Google buys another round of IBM patents as its Oracle trial nears

Google logoGoogle has been working to augment its defensive patent portfolio with the intent of deflecting the litigation that has targeted its embattled Android mobile operating system. To this end, the company purchased over a thousand patents from IBM in a major deal last year. The search giant followed that up with a smaller deal this week, in which it has purchased approximately 200 patents and pending patent applications.

The Android platform has faced a barrage of attacks from patent trolls and rival players in the smartphone market. Some of those attacks have targeted Android hardware partners, such as HTC; Google gave that company a handful of patents from the previous IBM deal in order to help the company bolster its defenses. In addition to fending off threats from rivals, Google is also battling Oracle, which contends that Android's custom Java runtime environment and compiler both infringe on Java-related patents.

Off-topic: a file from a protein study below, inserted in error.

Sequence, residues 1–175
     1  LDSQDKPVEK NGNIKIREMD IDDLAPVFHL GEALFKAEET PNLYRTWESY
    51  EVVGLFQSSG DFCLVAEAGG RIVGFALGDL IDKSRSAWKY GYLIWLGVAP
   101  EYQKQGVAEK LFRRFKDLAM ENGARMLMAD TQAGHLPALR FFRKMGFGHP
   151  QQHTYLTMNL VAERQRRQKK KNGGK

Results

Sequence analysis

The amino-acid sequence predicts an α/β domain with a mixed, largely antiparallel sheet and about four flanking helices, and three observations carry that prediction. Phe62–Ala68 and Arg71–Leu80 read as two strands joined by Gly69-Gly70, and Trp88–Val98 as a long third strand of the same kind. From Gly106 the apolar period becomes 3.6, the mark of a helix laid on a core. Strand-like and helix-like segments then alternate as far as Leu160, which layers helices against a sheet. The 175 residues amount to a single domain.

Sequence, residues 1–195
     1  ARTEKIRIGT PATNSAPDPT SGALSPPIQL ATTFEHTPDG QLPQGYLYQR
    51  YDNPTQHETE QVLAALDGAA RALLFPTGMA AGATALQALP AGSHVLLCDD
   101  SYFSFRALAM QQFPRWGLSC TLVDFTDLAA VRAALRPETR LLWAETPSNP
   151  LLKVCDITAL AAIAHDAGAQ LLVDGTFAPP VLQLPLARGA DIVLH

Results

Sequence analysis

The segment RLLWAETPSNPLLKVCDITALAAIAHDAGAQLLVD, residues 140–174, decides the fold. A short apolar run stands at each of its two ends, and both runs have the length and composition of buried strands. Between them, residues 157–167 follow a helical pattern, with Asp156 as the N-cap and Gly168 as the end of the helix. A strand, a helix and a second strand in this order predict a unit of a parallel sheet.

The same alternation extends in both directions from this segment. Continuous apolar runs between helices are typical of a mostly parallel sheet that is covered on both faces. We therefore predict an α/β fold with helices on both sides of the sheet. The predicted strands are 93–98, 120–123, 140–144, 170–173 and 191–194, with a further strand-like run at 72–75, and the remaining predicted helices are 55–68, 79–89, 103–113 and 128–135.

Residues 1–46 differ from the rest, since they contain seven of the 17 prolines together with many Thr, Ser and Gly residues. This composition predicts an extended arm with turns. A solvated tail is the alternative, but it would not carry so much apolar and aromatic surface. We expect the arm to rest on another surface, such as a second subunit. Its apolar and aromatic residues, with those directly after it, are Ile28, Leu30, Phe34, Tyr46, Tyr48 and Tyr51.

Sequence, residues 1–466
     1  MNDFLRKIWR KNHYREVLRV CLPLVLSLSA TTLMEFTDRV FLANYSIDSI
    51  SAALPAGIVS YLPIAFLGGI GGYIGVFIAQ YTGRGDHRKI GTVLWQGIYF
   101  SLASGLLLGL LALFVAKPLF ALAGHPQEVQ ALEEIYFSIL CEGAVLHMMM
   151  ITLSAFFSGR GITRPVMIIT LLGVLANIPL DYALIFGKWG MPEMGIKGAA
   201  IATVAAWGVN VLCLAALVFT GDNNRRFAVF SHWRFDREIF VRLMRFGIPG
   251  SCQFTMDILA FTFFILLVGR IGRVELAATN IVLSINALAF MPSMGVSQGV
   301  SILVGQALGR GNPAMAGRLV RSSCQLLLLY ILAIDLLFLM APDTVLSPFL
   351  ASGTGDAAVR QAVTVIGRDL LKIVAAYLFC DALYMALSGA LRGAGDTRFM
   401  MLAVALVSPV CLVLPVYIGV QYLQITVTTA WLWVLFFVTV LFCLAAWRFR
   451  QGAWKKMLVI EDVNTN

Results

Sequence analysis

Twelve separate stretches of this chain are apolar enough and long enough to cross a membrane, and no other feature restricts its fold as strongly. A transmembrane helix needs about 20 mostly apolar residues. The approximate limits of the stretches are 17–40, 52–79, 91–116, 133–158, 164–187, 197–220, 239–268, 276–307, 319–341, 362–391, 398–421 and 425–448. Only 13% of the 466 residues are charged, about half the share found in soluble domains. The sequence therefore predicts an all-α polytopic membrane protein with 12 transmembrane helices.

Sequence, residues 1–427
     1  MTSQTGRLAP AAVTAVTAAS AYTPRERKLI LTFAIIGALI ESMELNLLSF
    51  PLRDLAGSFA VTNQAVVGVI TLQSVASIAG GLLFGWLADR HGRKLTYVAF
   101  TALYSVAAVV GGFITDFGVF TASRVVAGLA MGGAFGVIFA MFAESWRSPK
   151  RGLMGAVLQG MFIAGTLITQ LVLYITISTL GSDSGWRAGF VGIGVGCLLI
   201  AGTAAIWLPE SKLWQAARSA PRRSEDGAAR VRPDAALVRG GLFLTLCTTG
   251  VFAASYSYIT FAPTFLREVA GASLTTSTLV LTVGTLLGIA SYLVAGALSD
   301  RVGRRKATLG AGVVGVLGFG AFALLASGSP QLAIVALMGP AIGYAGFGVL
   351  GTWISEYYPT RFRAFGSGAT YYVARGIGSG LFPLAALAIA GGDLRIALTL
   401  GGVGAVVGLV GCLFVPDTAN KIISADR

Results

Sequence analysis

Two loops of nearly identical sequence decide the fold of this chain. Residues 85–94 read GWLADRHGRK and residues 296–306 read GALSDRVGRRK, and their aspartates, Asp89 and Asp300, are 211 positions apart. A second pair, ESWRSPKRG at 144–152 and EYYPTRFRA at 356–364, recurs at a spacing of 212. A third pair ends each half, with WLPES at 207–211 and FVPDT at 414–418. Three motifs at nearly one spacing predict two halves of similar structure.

Google has historically had little interest in patents, but has been forced to spend billions of dollars accumulating a robust defensive portfolio over the past year due to the treacherous litigation landscape that plagues the smartphone industry. The most notable development in this regard was Google's $12.5 billion bid to acquire Motorola, a purchase that could net Google an additional 17,000 patents. The acquisition of Motorola is still pending and expected to complete this year, but met some delays during the regulatory approval process.

Oracle's dispute with Google is heading for a jury trial in March, according to a pretrial order filed Wednesday by Judge William Alsup, who has been hearing the case. Alsup expressed frustration with both parties over their unrealistic damages estimates, which suggests the trial could be long and contentious.

Source: Ars Technica

Tags: Android, Google, IBM, Oracle

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